The Nature Writers of Texas

The best nature writing from the newspaper, magazine, blog and book authors of the Lone Star State . . .

Saturday, February 08, 2003

Ron Smith, Valley Morning Star, February 8, 2003, © 2004

On the edge of the bog you watch through the mists for a promise of sun, and feel the chill in the air losing its hold on the dawn. Suddenly your eyes pick up a winged blur coming toward you, whirring rapidly through the fog. Certain doom to some living things, it is the ominous EBONY BOGHAUNTER!

No, this is not the mystical world of "The Lord of the Rings" or one of Harry Potter's monsters. Surprisingly, you are not in the least worried. It's only a dragonfly, and you are actually seeking this little treasure.

Remember when you were told as a child that these fearsome fliers would sew your lips together? And when they were given names like Devil's Darning Needle? Until you realized that these were old wives' tales made to tease and tantalize the young, you may have been somewhat alarmed when they were skimming around you. They are a tad scary. It is a different matter today. Now you look for them and check off their names in field guides just as birders and butterfyers do with their targets. And they have even more magical, poetic and amusing names! Jewelry in their image sparkles on the dresses of fashionable ladies. Harmless to humans, they do not even sting or bite, and they hunt for smaller prey. Basically friendly, they will often light on fishing poles or your hat.

If you want to know more about them, try a recent field guide by Sidney Dunkle titled "Dragonflies Through Binoculars," Oxford University Press, 2000. Good general guides for this family have been rare until now, but the sport of dragonfly watching is becoming popular. In this book, the subjects are displayed in photographs in their natural habitat. It is similar in its format to Jeffrey Glassberg's butterfly guide. Looking through the pages, you will learn their ranges, characteristics...and for me, a real pleasure, their creative and even lyrical names.

For example, wouldn't you have fun chasing the Zigzag Darner? Or be charmed by the Wandering Glider, named for its sustained flight. Perhaps the connotation of the Sinuous Snaketail might still cause you some apprehension about dragonflies. Then too, you have to appreciate the drama in the name Dragonhunter or Swarming Sundragon. There are also dragonlets and sanddragons. Regard these from the point of view of a small marsh bug! Just from the appellation, I would love to see a Ski-tailed Emerald. The pleasant aspect of the Cherry-faced Meadowhunter could make your day. Did the Frosted Whiteface run into some cold weather? And what happened to the Chalk-fronted Corporal? Did he pale at a reprimand for shirking his duty? Ah, why not anthropomorphize? (That's our human privilege, though unscientific.) The thorax and abdomen are white, of course. There is a Halloween Pennant, so named for its orange-splashed wings. Not so poetic is the Sooty Saddlebags, but you might like the humor in that one. Its dark bands give the impression of saddlebags.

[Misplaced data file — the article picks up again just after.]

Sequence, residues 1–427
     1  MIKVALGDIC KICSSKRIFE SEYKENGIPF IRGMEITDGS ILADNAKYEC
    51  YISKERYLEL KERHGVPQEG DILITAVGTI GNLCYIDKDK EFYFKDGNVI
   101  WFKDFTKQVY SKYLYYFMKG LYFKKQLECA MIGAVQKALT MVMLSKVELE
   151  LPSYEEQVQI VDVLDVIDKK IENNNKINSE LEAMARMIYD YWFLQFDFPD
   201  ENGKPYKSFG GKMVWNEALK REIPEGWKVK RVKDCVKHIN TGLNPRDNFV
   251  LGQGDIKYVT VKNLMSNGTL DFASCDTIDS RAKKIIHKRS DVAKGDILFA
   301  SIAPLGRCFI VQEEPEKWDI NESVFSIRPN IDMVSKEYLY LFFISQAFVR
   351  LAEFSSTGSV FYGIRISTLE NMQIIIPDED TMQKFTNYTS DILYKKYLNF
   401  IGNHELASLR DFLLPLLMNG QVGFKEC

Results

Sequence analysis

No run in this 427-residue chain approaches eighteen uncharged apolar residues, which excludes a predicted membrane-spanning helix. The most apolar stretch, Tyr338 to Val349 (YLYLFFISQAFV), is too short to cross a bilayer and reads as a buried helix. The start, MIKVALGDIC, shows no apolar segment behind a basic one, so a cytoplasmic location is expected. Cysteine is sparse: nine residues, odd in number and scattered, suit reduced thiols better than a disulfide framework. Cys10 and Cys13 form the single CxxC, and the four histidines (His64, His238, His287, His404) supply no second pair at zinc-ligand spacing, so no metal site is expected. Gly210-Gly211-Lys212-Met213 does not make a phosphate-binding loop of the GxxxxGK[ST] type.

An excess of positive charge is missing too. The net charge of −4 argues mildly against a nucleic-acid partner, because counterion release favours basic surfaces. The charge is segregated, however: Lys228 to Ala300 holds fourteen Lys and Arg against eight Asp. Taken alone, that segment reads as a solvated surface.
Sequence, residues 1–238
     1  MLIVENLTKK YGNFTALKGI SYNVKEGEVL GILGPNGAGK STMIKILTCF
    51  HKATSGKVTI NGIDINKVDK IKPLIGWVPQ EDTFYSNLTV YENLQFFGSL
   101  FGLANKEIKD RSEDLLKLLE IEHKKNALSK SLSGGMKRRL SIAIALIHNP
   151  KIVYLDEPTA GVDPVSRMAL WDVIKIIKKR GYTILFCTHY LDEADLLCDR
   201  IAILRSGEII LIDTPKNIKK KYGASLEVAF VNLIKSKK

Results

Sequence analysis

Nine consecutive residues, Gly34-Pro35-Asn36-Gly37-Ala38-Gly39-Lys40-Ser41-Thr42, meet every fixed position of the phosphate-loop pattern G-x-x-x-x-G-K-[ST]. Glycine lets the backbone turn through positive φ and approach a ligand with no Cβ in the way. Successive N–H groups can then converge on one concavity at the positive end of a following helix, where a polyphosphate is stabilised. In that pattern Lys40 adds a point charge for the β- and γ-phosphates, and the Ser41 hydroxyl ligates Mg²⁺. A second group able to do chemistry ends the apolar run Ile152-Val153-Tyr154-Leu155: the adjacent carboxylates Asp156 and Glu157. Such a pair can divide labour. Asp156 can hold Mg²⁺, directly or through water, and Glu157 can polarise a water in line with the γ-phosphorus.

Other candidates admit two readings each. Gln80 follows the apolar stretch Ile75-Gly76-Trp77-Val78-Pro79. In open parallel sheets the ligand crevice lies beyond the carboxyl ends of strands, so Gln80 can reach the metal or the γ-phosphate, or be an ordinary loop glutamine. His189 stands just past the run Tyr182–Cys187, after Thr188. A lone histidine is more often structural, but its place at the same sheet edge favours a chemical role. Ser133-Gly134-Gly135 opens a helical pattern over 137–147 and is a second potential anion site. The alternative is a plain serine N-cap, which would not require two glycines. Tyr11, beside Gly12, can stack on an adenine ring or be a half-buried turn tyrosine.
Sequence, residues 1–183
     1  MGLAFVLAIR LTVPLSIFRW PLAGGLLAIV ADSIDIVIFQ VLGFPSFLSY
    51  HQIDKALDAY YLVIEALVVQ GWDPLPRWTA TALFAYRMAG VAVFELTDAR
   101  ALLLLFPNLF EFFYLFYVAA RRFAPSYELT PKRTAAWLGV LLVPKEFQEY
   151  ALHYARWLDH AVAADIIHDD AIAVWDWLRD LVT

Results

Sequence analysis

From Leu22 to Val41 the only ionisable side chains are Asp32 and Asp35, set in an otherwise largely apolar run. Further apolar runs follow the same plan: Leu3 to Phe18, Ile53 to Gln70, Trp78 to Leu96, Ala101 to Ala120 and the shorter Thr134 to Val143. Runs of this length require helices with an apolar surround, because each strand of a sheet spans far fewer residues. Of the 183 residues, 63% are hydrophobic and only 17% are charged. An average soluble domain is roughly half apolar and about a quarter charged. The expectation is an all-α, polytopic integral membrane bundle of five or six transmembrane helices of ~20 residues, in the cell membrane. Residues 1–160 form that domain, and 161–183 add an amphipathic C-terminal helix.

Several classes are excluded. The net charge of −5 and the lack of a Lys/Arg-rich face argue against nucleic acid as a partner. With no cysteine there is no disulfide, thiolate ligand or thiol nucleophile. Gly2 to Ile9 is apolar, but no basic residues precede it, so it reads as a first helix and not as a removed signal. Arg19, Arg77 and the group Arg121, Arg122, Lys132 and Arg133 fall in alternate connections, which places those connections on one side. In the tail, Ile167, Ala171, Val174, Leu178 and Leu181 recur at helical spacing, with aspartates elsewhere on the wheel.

The Rio Grande Valley has a huge and diverse population of the family. Rare species have been found here by experts, and we are pleased to have one of the most beautiful common ones, the Roseate Skimmer, a spectacular, large rosy specimen. I'm not so sure about the name of the Widow Skimmer but prefer the sound of Spangled Skimmer. The former gets its name from the drab colors, I would suppose.

These insects are hard to identify with binoculars unless they alight, and fortunately, they do that frequently, at times lingering on a twig or other perch. Close range binoculars with 6 or 7 power would be recommended. Dragonflies and their delighful, metallic cousins, the damselflies, are sure signs of the ecological health of a wetland. Their appetite for mosquitoes is another virtue we should appreciate. When the dragonflies disappear from an area, it is because something is terribly wrong. Habitat is diminishing at least; water is contaminated; or pesticides have been used without regard to harmless insect life. These creatures serve as an early warning system that we are mistreating the wetland environment. They are just another part of the world of wildlife for us to enjoy. In addition, their naming stretches our poetic talents. Wait until you hear the names of hummingbirds.


At 2:16 PM, Blogger Daniel said...

Has anyone heard of the phenomenon in which dragonflies swarmed the polluted waters after Hurricane Katrina and helped to clean these waters? I am an elementary school teacher, wondering if anyone knows where I can locate photographs of this inspiring image!


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